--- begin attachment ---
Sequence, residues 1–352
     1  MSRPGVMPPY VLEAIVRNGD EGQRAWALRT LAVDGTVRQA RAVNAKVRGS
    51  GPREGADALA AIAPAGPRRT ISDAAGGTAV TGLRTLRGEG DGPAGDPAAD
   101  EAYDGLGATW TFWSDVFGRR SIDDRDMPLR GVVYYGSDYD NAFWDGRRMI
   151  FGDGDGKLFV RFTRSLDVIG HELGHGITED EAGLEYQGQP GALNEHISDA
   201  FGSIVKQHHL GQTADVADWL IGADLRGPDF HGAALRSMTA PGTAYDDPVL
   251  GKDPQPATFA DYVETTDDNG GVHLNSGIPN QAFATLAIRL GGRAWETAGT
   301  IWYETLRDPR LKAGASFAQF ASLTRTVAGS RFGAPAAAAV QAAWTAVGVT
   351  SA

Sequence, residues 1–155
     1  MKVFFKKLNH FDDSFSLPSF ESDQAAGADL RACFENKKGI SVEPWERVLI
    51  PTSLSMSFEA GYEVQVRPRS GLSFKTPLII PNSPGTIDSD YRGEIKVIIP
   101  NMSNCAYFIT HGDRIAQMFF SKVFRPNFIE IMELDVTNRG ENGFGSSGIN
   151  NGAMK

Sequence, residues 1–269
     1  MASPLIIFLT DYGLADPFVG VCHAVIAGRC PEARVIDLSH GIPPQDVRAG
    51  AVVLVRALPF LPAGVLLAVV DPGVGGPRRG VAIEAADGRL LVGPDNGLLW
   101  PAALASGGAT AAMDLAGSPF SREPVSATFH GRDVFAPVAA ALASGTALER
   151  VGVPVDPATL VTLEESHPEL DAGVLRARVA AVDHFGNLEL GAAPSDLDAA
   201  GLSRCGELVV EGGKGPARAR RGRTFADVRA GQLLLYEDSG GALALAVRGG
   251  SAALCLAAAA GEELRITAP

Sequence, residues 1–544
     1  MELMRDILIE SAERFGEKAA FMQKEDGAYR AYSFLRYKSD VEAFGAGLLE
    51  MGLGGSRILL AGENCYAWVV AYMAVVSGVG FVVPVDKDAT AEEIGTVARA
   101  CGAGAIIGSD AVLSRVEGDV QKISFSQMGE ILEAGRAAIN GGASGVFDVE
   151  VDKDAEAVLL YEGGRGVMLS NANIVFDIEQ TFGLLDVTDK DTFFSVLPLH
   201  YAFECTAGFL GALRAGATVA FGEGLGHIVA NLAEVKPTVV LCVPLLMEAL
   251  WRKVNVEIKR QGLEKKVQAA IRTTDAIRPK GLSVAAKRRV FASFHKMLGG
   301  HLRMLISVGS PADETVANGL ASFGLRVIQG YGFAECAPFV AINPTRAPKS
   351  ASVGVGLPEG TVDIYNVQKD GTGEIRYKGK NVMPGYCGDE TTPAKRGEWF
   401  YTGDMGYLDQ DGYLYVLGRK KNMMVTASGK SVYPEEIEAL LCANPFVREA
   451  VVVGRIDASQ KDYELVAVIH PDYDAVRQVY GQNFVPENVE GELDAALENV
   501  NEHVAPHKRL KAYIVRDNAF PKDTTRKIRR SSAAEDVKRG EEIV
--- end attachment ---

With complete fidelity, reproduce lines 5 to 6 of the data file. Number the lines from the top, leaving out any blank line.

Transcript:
   151  FGDGDGKLFV RFTRSLDVIG HELGHGITED EAGLEYQGQP GALNEHISDA
   201  FGSIVKQHHL GQTADVADWL IGADLRGPDF HGAALRSMTA PGTAYDDPVL